4 tips for managing a LinkedIn group

Posted by Faye on November 20, 2013 in The Social Networks |

How to effectively manage a LinkedIn group

Even though LinkedIn is a social networking site for professionals, there appears to be a lot of unprofessional behavior going on. If you manage a LinkedIn group, you know what I’m talking about.LinkedIn groups

In the LinkedIn groups I manage, I’ve noticed that spammers have tried to weave their way into them in order to promote their get-rich-quick schemes and shill for their useless products.

When potential group members check out the discussions in a group they’re interested in joining, and see that most are self-promotional in nature, they will most likely leave. And join another group that is spam-free.

If you manage a LinkedIn group, here are some tips to keep your group on the straight and narrow.

1. Open vs. closed group

An open group is one where anyone can join. In a closed group, membership requires approval from the group manager. Open groups are easier to manage because you don’t have to manually approve people who request to join. Closed groups are typically created for company clients, or other private/members-only organizations where topics in some discussions might be proprietary. Discussions in a closed group are not visible to non-members. If you’re creating a group from scratch, you will need to decide which type of group you want to create. You can convert a closed group to an open group later on, but you cannot convert an open group to a closed group.

2. Create your group rules

Create your group rules as soon as you set up your group. Rules define the group’s structure. This is where you tell potential group members what the group is about and what they can expect after they join. Make sure they understand the types of discussions they are allowed to submit. Here’s an example:

LI group rules

Group rules (click for clearer image)

Although I prefer to call them group guidelines, make sure your rules are clear and concise, so everyone understands your expectations.

3. Keep out the spam and self-promotion

There’s nothing I enjoy less than visiting a group and scrolling through endless posts of self-promotion and meaningless drivel to find legitimate discussions. “Permissions” and “Restrictions” are the settings that allow you to control what’s being submitted. There are a range of options, but I would recommend you start by requiring members to submit everything for approval. Otherwise you’ll get self-promotional spam trickling through the discussions feed. Which is annoying to group members. Once you recognize members who are contributing valuable content, you can always change individual permissions later.

All submissions fall under one of three categories: Discussions, promotions, or jobs. If a submission is improperly posted in the wrong category, you have the option of moving it to the correct one, or deleting it. I have no problem deleting irrelevant discussions, or moving them to promotions, because I have clearly spelled out in the rules what will happen if members don’t follow the rules.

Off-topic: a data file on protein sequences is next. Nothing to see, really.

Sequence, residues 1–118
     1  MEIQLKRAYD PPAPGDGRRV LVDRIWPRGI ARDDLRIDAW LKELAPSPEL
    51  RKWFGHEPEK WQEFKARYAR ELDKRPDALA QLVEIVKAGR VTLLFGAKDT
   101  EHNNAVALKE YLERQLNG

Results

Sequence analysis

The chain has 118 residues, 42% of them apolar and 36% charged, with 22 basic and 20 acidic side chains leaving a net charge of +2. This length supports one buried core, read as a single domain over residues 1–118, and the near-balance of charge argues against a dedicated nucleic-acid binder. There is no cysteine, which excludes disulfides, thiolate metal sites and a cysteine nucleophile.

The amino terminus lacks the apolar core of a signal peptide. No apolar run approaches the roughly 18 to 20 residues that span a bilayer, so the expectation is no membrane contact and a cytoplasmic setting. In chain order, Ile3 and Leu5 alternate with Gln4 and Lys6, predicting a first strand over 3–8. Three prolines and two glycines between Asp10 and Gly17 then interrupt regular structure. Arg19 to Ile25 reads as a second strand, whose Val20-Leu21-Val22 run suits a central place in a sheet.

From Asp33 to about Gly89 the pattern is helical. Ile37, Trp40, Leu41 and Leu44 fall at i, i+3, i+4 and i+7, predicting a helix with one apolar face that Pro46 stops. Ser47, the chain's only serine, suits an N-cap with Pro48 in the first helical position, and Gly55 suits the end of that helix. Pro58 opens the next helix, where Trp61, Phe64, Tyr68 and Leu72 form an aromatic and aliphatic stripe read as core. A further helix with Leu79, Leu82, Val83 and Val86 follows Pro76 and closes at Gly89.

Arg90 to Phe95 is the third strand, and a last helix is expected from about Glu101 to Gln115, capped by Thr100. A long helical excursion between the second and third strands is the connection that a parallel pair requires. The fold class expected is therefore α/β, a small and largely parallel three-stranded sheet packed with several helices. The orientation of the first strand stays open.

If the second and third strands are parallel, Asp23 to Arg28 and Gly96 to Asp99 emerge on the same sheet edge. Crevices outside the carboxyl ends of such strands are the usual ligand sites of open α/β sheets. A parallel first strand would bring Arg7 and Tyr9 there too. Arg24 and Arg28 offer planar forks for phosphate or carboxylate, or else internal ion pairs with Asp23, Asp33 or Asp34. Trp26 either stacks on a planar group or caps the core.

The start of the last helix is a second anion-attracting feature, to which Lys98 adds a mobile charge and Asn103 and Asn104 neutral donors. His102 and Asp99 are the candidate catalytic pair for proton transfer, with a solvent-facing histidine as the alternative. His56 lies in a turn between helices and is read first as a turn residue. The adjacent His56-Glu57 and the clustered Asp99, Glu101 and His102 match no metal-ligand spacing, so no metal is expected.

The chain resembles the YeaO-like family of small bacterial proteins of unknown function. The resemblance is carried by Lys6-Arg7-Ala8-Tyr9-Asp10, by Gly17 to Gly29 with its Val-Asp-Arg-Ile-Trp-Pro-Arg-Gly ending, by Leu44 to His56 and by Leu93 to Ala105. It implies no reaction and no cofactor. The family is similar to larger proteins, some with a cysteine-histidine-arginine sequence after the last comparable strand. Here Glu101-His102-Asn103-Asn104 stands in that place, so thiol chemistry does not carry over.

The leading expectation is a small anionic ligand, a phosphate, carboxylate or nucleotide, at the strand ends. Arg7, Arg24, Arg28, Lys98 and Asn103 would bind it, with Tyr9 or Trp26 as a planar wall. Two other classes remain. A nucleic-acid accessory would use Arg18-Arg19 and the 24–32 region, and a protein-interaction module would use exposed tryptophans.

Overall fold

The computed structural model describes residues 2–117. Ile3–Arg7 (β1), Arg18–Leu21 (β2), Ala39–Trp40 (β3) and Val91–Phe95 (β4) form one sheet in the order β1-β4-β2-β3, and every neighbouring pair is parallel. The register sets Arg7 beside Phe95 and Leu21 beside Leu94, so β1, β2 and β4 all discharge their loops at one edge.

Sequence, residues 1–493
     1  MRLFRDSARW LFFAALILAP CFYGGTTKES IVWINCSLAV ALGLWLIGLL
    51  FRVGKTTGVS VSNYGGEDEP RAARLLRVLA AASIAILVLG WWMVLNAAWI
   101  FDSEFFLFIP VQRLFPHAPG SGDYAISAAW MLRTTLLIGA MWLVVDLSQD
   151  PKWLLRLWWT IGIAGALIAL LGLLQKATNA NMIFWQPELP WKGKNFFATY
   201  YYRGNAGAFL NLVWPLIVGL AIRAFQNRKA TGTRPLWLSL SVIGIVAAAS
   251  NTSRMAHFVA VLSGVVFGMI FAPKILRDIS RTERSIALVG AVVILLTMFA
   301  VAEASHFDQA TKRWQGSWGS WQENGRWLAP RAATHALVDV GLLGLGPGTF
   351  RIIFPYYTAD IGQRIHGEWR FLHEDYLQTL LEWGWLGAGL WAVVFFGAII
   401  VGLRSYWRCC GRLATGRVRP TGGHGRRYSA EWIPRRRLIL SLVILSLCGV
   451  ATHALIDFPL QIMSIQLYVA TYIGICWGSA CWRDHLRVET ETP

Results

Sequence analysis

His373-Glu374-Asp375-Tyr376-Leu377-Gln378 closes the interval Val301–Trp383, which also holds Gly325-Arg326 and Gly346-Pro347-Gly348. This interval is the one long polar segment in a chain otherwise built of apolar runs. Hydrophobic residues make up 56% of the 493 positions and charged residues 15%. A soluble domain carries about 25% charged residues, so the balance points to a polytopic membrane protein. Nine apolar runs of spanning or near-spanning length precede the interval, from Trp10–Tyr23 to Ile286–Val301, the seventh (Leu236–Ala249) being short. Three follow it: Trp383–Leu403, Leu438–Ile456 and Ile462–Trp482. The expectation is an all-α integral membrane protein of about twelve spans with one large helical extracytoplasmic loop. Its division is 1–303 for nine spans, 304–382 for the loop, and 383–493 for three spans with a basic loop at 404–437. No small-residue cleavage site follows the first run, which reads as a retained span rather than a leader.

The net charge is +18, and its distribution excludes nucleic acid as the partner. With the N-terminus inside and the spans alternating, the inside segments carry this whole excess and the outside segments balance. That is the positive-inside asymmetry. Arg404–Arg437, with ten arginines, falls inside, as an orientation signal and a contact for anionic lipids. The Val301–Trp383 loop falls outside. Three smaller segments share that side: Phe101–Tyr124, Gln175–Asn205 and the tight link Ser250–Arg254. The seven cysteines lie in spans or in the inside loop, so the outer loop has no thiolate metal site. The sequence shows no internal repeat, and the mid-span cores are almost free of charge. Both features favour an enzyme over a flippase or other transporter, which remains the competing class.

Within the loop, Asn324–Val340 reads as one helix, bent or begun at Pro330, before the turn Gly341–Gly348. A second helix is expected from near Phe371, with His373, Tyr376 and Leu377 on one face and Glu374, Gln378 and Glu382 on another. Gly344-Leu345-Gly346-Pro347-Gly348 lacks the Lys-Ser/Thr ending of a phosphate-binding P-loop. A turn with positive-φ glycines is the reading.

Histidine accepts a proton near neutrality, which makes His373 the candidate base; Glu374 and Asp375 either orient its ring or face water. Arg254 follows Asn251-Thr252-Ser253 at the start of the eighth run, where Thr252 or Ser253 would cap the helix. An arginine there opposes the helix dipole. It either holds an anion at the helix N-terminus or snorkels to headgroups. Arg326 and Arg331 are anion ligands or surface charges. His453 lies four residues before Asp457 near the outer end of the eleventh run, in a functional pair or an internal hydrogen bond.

Spam example (click for clearer image)

This is not what you want members or potential members to see when they visit your group.

4. Initiate and contribute to discussions

Your goal should be to have many active and valuable discussions, so members will want to keep coming back to read interesting content and participate in the conversations. Comment on your members’ discussions, and thank them for sharing an interesting article. Your members will feel valued, and will most likely continue to provide valuable contributions to the group.

Go forth and manage your group!

Managing a LinkedIn group comes with lots of responsibility. LinkedIn makes it easy by providing notifications next to the “Manage” tab – reminding you that you have submissions pending. Check your notifications daily, approve/delete or move submissions to the appropriate category, and you will have a rockin’ group that members will want to join and participate in.

Do you manage a LinkedIn group? What are some of the frustrations you’ve experienced?


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  • What great tips. I loved all your information. And you are right, people should be mindful of others when they are posting.

  • Shailendra Agarwal says:

    I am ‘owner’ of a group on Linkedin ( POLYURETHANES) with about ~ 4500 members. :-) I always thought that maybe I am doing something wrong, however, your post ( especially point no. 3) reinforces ,what I have been doing. The people who want to post only about their products/services have compared me with a dictator, called me racist ( ouch!) and have lectured me endless number of times.

    Thanks for posting this. It seems I am an ‘ideal’ owner ( so much of humility). Jokes apart, I discovered your blog today and have read through almost everything.

    • Faye says:

      Thank you for your comment Shailendra. I also have felt sometimes that members might think I’m a dictator! As long as you set the expectations up front in your Group Rules, you should have no problems. There is nothing wrong with letting people know that any self-promotional discussions will be moved under the “Promotions” tab. You want your members to find value in your group, and keeping out the self-serving discussions will maintain that value.

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